As 2011 begins, the one-year repeal of the federal estate tax and the generation-skipping transfer tax ends. As New York individuals get ready to file their taxes in April, and implements new tax laws in their financial planning, 2011 brings changes to the income, gift, estate and generation-skipping transfer tax statutes, including a come back on the estate tax, and generation-skipping transfer tax as it was in 2000.
In December 2010, depressed property values in New York and throughout the country, and low interest rates let individuals transfer wealth to later generations with fewer tax consequences than transfers in 2011.
In 2011, tax laws changes include:
- Federal estate tax exemption amount to $1 million
- Highest estate tax rate increases to 55%, with additional 5% surtax to estates over $10 million
- Highest federal gift tax rate increases to 55%
- Generation-skipping transfer tax rate increases to 55%
- Generation-skipping transfer tax exemption amount to $1 million, indexed for inflation from 2001 (about $1,340,000)
- Assets basis acquired from a decedent will be fair market value of property at date of decedent’s death
Last year in 2010, a grantor retained annuity trust (GRAT) allowed an individual to transfer appreciating assets to beneficiaries with little estate and gift tax consequences. A GRAT is an irrevocable trust. Compared to a revocable trust, once created, the grantor is not able to make changes, such as property transfers and beneficiary naming. The grantor transfers assets in exchange for the right to receive a fixed term annuity, with the balance payable to specific beneficiaries at term expiration. The interest rate is 2% currently. If the grantor lives to the end of the fixed term, the asset appreciation passes to the beneficiaries. The appreciation is free from gift and estate tax.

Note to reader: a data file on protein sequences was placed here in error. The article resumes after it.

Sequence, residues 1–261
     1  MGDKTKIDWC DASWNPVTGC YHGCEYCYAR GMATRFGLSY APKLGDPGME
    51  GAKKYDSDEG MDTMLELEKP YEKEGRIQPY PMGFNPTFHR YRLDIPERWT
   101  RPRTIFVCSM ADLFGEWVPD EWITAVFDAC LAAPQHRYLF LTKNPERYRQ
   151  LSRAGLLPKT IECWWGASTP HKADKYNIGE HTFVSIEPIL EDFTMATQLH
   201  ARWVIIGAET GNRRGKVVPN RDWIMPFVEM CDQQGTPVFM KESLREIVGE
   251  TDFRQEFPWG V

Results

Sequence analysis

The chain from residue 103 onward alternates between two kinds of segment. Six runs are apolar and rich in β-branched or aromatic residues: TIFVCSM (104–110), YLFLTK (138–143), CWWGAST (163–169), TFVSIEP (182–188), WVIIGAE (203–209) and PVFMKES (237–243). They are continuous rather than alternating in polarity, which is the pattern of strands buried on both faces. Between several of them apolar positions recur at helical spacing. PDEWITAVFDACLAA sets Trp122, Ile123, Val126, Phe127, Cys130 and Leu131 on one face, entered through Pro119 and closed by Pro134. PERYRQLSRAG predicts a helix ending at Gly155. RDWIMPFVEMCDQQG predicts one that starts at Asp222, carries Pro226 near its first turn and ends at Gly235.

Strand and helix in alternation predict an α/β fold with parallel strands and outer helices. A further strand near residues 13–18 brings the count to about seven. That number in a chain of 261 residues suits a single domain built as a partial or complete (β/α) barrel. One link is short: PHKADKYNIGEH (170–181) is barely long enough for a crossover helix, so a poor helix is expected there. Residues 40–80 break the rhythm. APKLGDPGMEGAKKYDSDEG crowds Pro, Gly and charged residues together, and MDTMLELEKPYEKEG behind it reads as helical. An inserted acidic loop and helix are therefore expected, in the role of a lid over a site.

For 2010, in lifetime giving, the federal gift tax lifetime exclusion amount was $1 million. The gift tax rate was 35% in 2010, compared to 45% for 2009. In 2011, the highest gift tax rate is 55%. In 2011, the annual gift tax exclusion amount stays at $13,000 per donee. For individuals who used entire their lifetime exclusion and want to make more gifts above the annual exclusion amount, 2010 was the year for giving. Transfers to grandchildren and remote descendants usually are subject to generation-skipping transfer tax. The generation-skipping transfer tax was temporarily repealed in 2010.
Federal and New York tax laws may be complex, engage an experienced New York tax attorney to maximize tax savings.